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Spurs Playbook: Spurs denial defense is suffocating

Up by just five in the second quarter, the Spurs got a huge stop. This sparked a 15-9 run to close the half, giving the Spurs an 11 point advantage. This rally began with great defensive work which featured a Kawhi Leonard denial of Lance Stephenson. Against superior opponents, this tactic may be very important.

Jerome Miron-USA TODAY Sports

The Spurs 106-74 Game 1 victory Sunday night was expected. With a rash of injuries plaguing an already regressing version of the Grizzlies, anything but a sweep will be a surprise. And yet, with just over five minutes left in the first half, the Grizzlies trailed by just five points, 33-28.

The game started with Vince Carter making several impressive individual plays. The Grizzlies only hope in this series is wing scorers having out of body performances, and Vince appeared ready to attempt that early. Sometimes you have to tip your cap to great one-on-one play. But given the lack of shooting and talent on the current Memphis roster, the solution was simple: deny the ball from the few players that can hurt you.

In this play, Lance Stephenson is the guy that "could" potentially do damage. Watch Kawhi completely take him out of the play:

I want to highlight the impact of denial defense. It's not merely that you are preventing a scorer from catching the ball, but it's that you are baiting poor shooters into taking low percentage shots. Here, you have the following players matched up:

The Matchups

Tony Parker vs. Xavier Munford

Tim Duncan vs. Jarell Martin

Kawhi Leonard vs. Lance Stephenson

LaMarcus Aldridge vs. Zach Randolph

Manu Ginobili vs. Tony Allen

The talent gap is jarring, but the Spurs don't rest on their laurels. Rather than saying, "Hey, we're a lot better, lets just play this straight up," the Spurs say "Hey, we're only up five, lets pick up the intensity and take away their best player." Not to mention a player who is emotional and prone to mental lapses.

Memphis sets up this play with Xavier Munford at the point, Stephenson and Martin bunched up on the right, and Randolph and Allen bunched up on the left. Stephenson cuts across and motions Tony Allen to take a cross-screen, but they're not on the same page. Stephenson ditches the play, and curls back to the right short corner area to post up.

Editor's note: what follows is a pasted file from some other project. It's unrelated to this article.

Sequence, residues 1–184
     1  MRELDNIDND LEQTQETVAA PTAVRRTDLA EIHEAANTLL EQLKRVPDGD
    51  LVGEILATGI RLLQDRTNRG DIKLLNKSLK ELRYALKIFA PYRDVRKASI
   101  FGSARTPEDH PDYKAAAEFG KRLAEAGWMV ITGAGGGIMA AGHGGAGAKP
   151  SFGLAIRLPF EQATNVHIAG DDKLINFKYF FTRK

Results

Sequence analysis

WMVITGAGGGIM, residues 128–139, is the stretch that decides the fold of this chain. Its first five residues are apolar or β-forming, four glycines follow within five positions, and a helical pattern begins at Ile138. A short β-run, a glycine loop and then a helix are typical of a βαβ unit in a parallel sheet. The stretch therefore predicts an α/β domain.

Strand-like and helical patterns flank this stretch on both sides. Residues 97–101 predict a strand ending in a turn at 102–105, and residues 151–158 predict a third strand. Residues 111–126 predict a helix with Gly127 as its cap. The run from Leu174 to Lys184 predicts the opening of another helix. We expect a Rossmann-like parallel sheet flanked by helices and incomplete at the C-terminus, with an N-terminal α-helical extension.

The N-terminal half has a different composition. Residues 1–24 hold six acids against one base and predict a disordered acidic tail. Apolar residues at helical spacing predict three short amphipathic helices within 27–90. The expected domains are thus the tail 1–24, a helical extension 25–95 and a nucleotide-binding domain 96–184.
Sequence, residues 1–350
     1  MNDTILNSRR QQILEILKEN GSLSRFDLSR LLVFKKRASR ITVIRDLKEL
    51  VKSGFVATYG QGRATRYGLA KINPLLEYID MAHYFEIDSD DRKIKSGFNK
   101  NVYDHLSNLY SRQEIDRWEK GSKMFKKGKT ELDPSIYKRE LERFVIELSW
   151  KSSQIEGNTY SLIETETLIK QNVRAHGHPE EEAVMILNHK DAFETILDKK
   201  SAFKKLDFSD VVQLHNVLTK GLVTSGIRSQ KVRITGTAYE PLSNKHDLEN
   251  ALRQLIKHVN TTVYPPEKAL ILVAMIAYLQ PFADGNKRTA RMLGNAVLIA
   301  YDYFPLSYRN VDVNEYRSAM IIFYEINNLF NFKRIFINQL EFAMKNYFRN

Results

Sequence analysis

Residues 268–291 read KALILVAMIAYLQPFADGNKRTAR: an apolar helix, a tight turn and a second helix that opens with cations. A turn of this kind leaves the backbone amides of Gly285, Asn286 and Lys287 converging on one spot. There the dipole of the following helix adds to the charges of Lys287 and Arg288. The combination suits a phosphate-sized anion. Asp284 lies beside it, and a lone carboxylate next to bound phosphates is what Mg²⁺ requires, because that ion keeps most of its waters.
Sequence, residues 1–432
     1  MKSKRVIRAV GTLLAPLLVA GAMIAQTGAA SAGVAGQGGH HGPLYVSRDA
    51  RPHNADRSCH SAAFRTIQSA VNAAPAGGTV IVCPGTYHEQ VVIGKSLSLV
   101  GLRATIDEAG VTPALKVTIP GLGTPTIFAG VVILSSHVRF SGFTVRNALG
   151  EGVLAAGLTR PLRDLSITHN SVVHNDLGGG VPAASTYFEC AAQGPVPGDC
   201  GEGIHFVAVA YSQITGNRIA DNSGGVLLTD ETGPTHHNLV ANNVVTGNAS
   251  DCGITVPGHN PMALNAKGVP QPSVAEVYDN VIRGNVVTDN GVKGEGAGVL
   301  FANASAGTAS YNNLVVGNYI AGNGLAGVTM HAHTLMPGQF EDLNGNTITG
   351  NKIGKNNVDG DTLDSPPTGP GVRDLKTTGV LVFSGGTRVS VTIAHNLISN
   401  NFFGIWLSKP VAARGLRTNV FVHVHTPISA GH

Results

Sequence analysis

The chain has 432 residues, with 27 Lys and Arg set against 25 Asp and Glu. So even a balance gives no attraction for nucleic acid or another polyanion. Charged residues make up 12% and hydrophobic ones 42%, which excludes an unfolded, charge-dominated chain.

This is when Kawhi goes into full denial mode. He does three things:

(1) Engage the defender. Kawhi gets both arms on Stephenson as he cuts backs towards the ball. This allows Leonard to feel where he's going. Additionally, this sends a message that Lance is not going to touch the ball on this play.

(2) Defensive Stance. Kawhi has his arms extended out and he is low to the ground. He is able to bounce back and forth with Lance while simultaneously denying an entry pass with his wingspan. If his arms are down an entry pass can be made. If he doesn't get low, Lance will be able to cut easily.

(3) See Ball, See Man. If you've ever been to a youth basketball game you may have heard coaches shouting "See Ball See Man." Notice Leonard's head is on a swivel. He is facing Lance, but he never loses site of where the basketball is.

While this is happening Memphis is completely stagnant. Martin, who received a bounce pass from Munford as Stephenson was posting, has no choice but to use a dribble-handoff to return the ball to Munford. With Parker screened, Duncan wisely zones up the pick and roll by staying between Martin and Munford in the elbow area. Munford takes what the defense is giving, a pull-up jumper, and Duncan provides a solid contest to force the miss.

Big Takeaway

If you keep watching you'll see Duncan break in transition and get the easy layup. As awesome as it is to see the 'big fella' run the floor, what impresses me is San Antonio dictating who will take the shot. It's not that Lance doesn't get the ball, it's that Xavier Munford is forced to shoot. This guy has played in 17 NBA games, and the Spurs will take him and his 41.6% shooting percentage taking long jumpers all day.

As the Spurs move forward, it will be interesting to see if they employ the full out denial against the likes of Durant and Westbrook, especially when only one is the on the floor. While it does require chasing someone around and potentially giving up a backdoor cut, it puts the onus on other players to make plays. When Westbrook goes to the bench and Durant is out there, who else can beat you if you are denying Durant the ball? We know Dion Waiters will shoot and the Spurs will welcome that. If Enes Kanter is out there the Spurs will have a field day on offense. Sometimes the best way to stop somebody is by preventing them from touching the ball.